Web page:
Government education report lacking

The Education department’s recently released First Annual Highlights Report distorts what’s going on in the Yukon, says the Whitehorse…

The Education department’s recently released First Annual Highlights Report distorts what’s going on in the Yukon, says the Whitehorse Elementary School Council.

Funding cuts over the past two years are not mentioned.

Student achievement highlights are presented to look better than they actually are.

And there is no mention of dropout rates or the considerable outcome gap between First Nation and non-First Nation students.

“The council had decided that it would tone it down and go back to concentrating on our own school rather than raising a ruckus,” said Erik Blake, a member of the school council.

“But then this thing came out.”

The four-page report was mailed to homes throughout the Yukon a few weeks ago.

“I highly suspect that the report was actually generated in response to our earlier criticisms of the budget for the upcoming fiscal year,” said Blake.

“It’s essentially trying to refute the things we were saying were wrong, but the government has never actually demonstrated that the numbers we were presenting are incorrect.

“They’ve said in words that we’re wrong or that we’re interpreting things incorrectly, but in our minds the numbers speak for themselves.”

On April 17, the school council sent an open letter to Education Minister Patrick Rouble pointing out factual anomalies in the report.

“It’s got data that’s two years out of date, which is not helpful,” said Blake.

“The numbers did increase, but they were just keeping pace with salary increases and things like that.

“There are not actually more resources for education.”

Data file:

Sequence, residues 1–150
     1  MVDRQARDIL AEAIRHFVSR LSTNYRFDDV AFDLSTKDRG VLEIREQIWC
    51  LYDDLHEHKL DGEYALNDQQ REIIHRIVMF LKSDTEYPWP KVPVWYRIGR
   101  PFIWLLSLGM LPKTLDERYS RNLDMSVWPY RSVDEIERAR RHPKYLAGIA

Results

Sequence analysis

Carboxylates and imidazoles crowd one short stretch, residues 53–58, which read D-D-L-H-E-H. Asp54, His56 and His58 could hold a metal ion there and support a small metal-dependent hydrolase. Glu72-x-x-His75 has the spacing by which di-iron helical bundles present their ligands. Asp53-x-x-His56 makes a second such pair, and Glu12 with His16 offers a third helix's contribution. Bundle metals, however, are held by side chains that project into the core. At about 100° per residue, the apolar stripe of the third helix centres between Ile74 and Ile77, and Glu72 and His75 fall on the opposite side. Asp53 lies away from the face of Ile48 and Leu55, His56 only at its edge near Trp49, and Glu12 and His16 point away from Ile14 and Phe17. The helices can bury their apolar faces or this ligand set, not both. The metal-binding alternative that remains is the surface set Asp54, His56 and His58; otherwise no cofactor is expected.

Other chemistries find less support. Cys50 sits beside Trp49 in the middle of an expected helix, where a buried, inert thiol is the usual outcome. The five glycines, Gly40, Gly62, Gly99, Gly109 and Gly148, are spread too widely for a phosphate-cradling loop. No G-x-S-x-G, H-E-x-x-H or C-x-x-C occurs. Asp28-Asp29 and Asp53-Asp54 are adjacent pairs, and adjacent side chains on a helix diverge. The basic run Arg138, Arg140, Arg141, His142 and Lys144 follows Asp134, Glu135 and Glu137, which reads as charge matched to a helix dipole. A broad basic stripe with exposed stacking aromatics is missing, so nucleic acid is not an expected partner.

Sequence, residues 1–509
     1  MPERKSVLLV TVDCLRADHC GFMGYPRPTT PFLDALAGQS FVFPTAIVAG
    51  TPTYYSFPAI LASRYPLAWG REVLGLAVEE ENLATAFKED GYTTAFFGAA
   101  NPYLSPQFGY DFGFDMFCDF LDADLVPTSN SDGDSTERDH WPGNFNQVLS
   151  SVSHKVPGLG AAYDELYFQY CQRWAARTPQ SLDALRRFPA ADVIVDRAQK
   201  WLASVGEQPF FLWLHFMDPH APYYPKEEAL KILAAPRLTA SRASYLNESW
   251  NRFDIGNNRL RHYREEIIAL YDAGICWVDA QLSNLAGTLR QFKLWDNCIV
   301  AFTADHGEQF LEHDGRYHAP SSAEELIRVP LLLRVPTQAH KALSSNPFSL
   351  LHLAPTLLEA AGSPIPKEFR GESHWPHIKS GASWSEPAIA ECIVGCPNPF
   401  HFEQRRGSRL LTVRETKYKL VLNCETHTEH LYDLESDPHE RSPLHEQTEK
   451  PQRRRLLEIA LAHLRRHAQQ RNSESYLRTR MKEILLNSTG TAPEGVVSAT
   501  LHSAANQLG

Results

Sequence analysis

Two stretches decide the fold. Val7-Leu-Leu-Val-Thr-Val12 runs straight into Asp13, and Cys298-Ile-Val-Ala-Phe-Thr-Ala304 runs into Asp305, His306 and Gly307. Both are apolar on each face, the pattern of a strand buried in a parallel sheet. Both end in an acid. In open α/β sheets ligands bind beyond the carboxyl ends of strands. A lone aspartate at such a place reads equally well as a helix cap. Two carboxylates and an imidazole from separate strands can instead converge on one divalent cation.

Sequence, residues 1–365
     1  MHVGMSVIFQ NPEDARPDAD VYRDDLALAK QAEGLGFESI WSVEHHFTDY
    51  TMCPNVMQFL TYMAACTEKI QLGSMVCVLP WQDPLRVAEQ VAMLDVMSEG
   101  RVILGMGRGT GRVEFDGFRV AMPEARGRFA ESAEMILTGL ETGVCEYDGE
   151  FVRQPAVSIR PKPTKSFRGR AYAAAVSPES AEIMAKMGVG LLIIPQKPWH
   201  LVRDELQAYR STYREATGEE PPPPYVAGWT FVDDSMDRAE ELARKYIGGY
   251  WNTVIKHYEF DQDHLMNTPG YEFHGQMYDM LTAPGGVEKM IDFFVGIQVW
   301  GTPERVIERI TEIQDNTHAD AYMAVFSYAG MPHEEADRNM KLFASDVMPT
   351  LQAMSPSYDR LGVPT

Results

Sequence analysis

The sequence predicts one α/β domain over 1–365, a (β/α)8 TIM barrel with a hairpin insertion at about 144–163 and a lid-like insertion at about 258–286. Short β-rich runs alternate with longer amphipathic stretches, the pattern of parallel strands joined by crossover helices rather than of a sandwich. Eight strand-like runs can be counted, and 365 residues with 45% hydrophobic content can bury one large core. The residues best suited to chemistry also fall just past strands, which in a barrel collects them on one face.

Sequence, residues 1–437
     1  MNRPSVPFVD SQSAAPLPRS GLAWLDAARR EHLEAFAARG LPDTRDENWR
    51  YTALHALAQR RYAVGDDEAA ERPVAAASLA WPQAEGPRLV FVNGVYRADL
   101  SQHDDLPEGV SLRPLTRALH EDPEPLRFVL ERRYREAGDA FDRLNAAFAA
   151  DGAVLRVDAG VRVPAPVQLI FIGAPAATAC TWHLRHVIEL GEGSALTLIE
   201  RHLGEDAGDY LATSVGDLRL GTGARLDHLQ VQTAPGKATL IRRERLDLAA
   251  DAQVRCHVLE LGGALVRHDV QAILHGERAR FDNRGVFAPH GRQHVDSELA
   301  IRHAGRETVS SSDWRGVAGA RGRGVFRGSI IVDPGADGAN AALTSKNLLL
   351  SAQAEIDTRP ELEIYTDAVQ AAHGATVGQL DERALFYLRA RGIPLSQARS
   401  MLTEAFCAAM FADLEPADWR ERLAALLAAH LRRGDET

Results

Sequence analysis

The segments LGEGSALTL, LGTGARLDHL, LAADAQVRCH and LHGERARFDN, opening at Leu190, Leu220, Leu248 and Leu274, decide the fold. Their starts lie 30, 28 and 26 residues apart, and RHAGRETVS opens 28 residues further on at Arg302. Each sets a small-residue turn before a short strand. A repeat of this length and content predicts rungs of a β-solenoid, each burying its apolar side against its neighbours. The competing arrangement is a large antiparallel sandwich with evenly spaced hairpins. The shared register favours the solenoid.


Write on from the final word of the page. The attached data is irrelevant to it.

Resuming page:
From 2004/2005 to 2007/2008 public school funding grew by 3.6 per cent.

During that same period, the average government department grew by 9.4 per cent.

This opened up a funding gap of $15.8 million, according to the school council.

“If you look at the numbers for the two years since then, including the latest budget, the amount of money going to schools has decreased,” Blake added.

The Testing Student Achievement section of the highlight report paints an inaccurate picture of what’s going on, he said.

Contained within this section are two graphs showing students’ achievements in language arts and mathematics.

The graphs were lifted directly from the Yukon Education annual report, which is available on the Education department’s website.

However, there are a few things missing.

In the far more lengthy report there are two lines, one solid and one dotted, indicating target percentages.

Education has set a target for successful performance at 85 per cent and the graph indicates that the Yukon has achieved this in only three of the eleven categories.

The dotted line represents the department’s target for excellent performance at 20 per cent.

This was only achieved in two of the 11 categories.

These target lines have been omitted from the report that was mailed out to the public.

“If you look at the numbers compared to the Alberta jurisdiction, which seems to be the benchmark that’s used for the department of Education in all their reporting, we’re consistently underperforming,” said Blake.

And there are no figures on drop-out rates in the highlights or the complete report.

“I have a suspicion that that’s probably not a pretty picture and, of course, that has long-term consequences and costs for society,” said Blake.

“I think teachers just don’t have the resources to deliver quality education to the full range of students that are out there in our school system.”

“Of course we’re concerned,” said Yukon Teachers’ Association president Jim Tredger.

“We see the needs of our children increase and the more needy the child, the more resources are required for support.”

Teachers are working “flat out” to meet the needs of their students, said Tredger.

“We have an excellent education system — I think it’s one of the best in Canada.

“Do we have to improve? You bet.

“But we’re working on it.”

The department of Education will make a submission to the management board if money is needed for education reform, he added.

Education Minister Patrick Rouble refused to comment on the issue.

“We’re not saying that more money is the solution to all of our problems, but decreasing the budget certainly doesn’t help,” said Blake.

“We can’t hire staff without money, we can’t purchase educational resources without money and you can’t have a school structure without money.”

“As a member of the school council and as a parent my concern is with outcomes,” he added.

“I want my children and all Yukon children to have a quality education and to be successful.”